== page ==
"The orders are at least double and the profits are twice that of the next most successful series,'' Corry told The New York Times in 1988.

Time-Life shipped 700,000 copies of the first volume in a planned 20-book series that eventually grew to 33 volumes. The ads segued from onscreen skeptics to directly challenging the viewer ("How would you explain this?") to confront alien abductions and premonitions.

Mysteries of the Unknown held on through 1991, at which point both sales and topics had been exhausted. Time-Life remained in the book business through 2003, when it was sold to Ripplewood Holdings and ZelnickMedia and began to focus exclusively on DVD and CD sales.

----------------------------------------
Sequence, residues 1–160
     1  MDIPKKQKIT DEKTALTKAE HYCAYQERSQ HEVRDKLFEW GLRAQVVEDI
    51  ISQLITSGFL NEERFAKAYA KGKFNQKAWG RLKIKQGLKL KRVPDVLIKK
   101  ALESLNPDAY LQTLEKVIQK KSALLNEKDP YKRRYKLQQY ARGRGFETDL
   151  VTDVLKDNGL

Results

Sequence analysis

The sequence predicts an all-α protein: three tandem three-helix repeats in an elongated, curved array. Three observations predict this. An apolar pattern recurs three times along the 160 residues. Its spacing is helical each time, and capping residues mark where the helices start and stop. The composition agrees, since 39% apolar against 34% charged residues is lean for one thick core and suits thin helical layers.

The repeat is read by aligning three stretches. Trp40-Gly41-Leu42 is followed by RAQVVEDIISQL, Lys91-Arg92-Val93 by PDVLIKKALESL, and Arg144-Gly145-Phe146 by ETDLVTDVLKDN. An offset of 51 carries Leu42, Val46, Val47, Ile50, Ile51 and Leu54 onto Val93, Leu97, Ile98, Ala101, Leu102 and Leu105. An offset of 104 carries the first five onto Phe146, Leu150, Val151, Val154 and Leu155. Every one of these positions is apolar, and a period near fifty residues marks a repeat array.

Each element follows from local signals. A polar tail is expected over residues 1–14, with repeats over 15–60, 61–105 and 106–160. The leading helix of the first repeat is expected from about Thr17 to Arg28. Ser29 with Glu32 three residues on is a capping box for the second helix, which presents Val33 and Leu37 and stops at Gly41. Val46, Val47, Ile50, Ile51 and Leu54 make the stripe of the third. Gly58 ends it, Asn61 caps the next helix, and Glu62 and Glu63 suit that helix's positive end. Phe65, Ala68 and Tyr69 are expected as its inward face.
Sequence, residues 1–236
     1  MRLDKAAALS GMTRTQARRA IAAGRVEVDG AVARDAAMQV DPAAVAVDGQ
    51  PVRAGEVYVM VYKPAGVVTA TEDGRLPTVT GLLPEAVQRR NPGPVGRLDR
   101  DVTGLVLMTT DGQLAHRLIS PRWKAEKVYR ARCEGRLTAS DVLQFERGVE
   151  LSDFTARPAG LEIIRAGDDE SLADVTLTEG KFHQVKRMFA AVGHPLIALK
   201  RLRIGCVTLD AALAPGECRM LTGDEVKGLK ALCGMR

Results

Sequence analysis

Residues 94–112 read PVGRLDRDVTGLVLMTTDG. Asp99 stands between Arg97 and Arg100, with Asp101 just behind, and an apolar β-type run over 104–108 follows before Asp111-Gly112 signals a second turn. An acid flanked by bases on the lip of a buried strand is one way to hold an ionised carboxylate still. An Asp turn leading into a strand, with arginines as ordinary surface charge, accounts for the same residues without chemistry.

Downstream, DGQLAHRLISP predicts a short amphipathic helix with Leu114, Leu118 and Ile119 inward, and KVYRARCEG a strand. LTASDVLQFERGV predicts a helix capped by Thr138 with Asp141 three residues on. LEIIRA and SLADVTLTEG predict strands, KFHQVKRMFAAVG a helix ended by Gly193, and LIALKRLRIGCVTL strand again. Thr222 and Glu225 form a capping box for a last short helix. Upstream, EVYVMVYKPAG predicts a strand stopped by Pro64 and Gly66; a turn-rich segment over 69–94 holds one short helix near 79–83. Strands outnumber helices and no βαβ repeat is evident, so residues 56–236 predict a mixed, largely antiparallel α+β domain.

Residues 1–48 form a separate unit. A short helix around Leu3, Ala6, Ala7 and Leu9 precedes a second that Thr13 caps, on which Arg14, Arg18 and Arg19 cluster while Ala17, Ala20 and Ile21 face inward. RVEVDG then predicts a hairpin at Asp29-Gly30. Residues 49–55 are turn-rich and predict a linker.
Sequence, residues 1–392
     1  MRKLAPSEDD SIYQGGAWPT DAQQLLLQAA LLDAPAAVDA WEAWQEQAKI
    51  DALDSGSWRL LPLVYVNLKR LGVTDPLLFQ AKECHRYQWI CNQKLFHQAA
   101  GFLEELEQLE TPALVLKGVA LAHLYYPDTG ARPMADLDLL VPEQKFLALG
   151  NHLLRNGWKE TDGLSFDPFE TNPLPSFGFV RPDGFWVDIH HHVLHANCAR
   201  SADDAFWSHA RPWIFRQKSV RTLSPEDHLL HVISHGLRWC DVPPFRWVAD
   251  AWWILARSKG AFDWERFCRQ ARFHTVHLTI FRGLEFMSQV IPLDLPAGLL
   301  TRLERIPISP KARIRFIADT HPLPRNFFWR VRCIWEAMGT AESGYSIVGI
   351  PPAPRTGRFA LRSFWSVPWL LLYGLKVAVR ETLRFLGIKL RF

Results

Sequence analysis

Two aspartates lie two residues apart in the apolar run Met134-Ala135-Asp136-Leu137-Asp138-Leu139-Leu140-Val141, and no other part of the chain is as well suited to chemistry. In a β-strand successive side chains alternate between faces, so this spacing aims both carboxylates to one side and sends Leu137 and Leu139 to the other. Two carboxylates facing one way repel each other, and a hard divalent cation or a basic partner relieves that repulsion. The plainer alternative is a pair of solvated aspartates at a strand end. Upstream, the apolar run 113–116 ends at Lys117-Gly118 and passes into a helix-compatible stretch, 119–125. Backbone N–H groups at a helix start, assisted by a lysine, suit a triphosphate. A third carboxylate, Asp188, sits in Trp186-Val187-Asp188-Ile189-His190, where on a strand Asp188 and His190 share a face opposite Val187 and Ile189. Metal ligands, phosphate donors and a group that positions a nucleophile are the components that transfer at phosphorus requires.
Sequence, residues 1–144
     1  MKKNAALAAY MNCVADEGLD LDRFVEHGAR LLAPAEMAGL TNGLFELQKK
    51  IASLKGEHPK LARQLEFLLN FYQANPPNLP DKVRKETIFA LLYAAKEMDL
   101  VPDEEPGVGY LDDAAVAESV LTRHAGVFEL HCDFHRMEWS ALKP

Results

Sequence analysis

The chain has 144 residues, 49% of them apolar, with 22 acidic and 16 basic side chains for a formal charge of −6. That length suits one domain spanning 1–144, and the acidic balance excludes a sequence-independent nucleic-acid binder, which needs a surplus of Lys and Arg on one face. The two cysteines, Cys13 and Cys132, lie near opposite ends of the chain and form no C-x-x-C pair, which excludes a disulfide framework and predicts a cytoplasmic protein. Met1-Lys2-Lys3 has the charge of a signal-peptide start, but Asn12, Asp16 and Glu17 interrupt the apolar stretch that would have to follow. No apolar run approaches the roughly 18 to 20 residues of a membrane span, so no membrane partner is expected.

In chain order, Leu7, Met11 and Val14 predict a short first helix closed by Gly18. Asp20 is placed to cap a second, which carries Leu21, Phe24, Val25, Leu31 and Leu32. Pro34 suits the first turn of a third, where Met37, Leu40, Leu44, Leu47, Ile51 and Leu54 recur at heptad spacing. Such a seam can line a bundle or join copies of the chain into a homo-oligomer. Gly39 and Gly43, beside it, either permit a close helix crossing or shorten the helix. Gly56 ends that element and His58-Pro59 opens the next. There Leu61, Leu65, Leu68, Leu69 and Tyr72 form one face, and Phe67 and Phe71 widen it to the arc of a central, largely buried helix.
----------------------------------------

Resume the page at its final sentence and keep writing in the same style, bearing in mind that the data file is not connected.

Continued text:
Thanks to cable and streaming programming, anyone interested in cryptic phenomena can now fire up Ancient Aliens. But for a generation of people who were intrigued by the late-night ads and methodically added the volumes to their bookshelves, Mysteries of the Unknown was the best way to try and explain the unexplainable.

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Sally Died of Dysentery: A History of The Oregon Trail
MECC
MECC

The eighth grade students sat and watched as Don Rawitsch dragged an enormous device into their classroom. It was December 3, 1971, and Rawitsch—a student teacher at Carleton College outside of Minneapolis who taught history at a local grade school—was ready to show off what his roommates, Paul Dillenberger and Bill Heinemann, had managed to create in only two weeks of programming and with limited, amateur coding skills: a game called The Oregon Trail.